Originally published in 1977, Do What They Say or Else is the second novel by French author Annie Ernaux. Set in a small town in Normandy, France, the novel tells the story of a fifteen-year-old girl named Anne, who lives with her working-class parents. The story, which takes place during the summer and fall of Anne’s transition from middle school to high school, is narrated in a stream-of-consciousness style from her point of view. Ernaux captures Anne’s adolescent voice, through which she expresses her keen observations in a highly colloquial style.
As the novel progresses and Anne’s feelings about her parents, her education, and her sexual encounters evolve, she grows into a more mature but also more conflicted and unhappy character, leaving behind the innocence of her middle school years. Not only must she navigate the often-confusing signals she receives from boys, but she also finds herself moving further and further away from her parents as she surpasses their educational level and worldview.
Annie Ernaux, winner of the 2022 Nobel Prize in Literature, was born in 1940 in Lillebonne, France. Ernaux's autobiographical narrative, La Place, won the Prix Renaudot, and her books, A Woman’s Story and A Man’s Place, were named New York Times Notable Books of the Year. Ernaux’s most recent novel, Les Années, is widely considered one of her greatest works. She is the author of Do What They Say or Else (Nebraska, 2022). Jonathan Kaplansky has translated numerous works, including Hélène Dorion's novel Days of Sand and Hélène Rioux's novel Wednesday Night at the End of the World. Brian Evenson is a professor and director of the Literary Arts Program at Brown University. He is the author of Altmann’s Tongue (available in a Bison Books edition) and, most recently, Last Days and Fugue State.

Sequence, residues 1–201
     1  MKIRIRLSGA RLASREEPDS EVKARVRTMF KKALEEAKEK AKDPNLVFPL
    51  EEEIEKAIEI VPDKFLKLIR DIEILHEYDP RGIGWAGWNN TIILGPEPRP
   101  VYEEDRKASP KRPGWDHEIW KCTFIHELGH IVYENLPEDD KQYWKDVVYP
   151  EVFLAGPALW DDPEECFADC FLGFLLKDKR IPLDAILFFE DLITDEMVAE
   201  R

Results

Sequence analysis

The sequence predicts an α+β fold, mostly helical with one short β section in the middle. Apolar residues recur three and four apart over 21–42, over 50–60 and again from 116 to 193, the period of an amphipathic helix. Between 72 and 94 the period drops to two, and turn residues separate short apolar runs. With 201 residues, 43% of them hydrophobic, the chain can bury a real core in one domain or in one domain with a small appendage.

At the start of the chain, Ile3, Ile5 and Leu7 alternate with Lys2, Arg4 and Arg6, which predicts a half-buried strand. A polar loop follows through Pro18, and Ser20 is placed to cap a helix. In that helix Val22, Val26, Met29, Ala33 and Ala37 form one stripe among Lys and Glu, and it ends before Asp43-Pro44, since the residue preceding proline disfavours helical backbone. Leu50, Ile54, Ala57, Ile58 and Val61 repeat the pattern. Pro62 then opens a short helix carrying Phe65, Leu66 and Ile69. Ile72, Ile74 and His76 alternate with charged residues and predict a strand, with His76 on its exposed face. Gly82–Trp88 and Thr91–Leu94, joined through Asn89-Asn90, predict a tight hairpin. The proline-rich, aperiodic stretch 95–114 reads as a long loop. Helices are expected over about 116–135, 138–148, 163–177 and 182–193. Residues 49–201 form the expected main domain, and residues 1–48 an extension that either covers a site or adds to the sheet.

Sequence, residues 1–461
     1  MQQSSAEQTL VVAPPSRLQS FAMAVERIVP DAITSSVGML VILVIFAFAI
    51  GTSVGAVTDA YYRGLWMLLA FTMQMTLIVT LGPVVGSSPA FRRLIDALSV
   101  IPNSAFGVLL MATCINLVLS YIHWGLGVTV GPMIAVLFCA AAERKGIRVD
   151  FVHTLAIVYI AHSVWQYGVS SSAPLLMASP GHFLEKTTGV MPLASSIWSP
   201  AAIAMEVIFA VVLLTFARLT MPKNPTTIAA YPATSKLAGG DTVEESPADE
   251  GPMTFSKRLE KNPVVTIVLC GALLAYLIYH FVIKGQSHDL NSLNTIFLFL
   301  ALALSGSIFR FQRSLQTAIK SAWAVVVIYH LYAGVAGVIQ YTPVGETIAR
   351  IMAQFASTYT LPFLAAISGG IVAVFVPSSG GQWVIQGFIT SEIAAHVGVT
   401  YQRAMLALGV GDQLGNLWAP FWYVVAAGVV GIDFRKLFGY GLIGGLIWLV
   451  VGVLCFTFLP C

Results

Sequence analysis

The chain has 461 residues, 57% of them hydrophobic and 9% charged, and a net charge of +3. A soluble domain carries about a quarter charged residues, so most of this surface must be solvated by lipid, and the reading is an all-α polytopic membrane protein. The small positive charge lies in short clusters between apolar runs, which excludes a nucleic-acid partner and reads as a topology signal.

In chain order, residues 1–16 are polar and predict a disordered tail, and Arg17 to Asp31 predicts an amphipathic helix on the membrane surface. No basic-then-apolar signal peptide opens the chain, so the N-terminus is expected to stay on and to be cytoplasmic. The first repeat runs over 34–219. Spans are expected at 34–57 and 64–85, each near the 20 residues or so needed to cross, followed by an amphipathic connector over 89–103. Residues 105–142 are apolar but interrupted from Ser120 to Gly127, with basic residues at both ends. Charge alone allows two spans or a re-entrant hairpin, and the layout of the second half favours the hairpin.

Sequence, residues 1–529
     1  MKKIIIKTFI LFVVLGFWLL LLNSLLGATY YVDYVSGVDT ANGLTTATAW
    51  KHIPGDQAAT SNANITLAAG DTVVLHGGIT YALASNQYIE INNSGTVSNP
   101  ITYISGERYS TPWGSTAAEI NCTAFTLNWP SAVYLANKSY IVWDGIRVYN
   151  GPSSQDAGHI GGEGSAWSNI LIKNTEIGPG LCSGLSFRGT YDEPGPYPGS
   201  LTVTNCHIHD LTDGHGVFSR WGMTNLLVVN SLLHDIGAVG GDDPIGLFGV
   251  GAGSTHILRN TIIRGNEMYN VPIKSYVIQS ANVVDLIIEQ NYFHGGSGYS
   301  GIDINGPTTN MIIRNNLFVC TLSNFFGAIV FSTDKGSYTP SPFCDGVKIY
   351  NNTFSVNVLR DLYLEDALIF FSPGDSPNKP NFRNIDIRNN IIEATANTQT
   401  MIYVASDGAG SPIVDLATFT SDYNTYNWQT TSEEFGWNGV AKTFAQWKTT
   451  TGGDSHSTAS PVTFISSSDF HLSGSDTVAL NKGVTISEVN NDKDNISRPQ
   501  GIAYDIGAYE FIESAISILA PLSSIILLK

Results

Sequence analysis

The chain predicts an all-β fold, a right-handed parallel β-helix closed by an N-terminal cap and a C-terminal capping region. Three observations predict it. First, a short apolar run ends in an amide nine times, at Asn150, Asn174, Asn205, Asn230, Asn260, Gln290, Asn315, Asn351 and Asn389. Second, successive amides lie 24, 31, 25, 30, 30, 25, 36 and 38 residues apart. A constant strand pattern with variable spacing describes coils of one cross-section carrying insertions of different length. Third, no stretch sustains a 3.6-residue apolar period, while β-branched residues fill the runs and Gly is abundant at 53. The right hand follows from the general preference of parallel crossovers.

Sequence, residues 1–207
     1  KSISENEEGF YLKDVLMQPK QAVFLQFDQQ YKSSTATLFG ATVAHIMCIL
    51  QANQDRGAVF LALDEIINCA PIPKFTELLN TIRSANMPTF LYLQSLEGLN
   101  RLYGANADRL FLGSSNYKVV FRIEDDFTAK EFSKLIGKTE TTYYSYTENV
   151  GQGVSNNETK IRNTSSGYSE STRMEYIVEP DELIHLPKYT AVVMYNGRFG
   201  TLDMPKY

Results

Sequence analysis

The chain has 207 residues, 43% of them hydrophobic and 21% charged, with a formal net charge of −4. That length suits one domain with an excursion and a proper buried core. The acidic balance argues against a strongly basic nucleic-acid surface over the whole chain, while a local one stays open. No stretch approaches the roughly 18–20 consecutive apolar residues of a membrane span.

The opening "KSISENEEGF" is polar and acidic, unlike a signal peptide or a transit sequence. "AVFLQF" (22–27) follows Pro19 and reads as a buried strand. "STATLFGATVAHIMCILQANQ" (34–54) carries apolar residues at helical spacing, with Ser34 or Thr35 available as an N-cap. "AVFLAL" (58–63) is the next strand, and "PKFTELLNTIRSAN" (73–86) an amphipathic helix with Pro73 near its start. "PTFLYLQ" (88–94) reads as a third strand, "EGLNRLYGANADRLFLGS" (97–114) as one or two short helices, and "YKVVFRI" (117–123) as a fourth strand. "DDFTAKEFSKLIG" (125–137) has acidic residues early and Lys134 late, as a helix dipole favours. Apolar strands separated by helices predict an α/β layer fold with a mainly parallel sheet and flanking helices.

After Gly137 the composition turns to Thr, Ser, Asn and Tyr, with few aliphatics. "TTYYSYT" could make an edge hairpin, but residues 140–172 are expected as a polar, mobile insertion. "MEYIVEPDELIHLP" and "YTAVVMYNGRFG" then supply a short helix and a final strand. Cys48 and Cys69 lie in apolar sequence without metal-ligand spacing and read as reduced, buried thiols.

“A powerful portrait of a searching adolescent.”—Publishers Weekly
“In this, her second published novel, Annie Ernaux writes the psycho-biology of being fifteen years old with perfect recall. Do What They Say or Else conveys the cost of upward mobility and the desire to just throw it all away. Ernaux is in perfect control of her narrator’s wildness. The result is vivid and tough.”—Chris Kraus, author of After Kathy Acker: A Literary Biography
“Annie Ernaux is often celebrated for her minimalist and documentary style. Yet this second novel, very funny at times, is narrated from the perspective of a teenage girl, with a vindictive and self-deprecating tone that ranges from the colloquial to the outright vulgar. This translation is a true tour de force!”—Bruno Thibault, author of Danièle Sallenave et le don des morts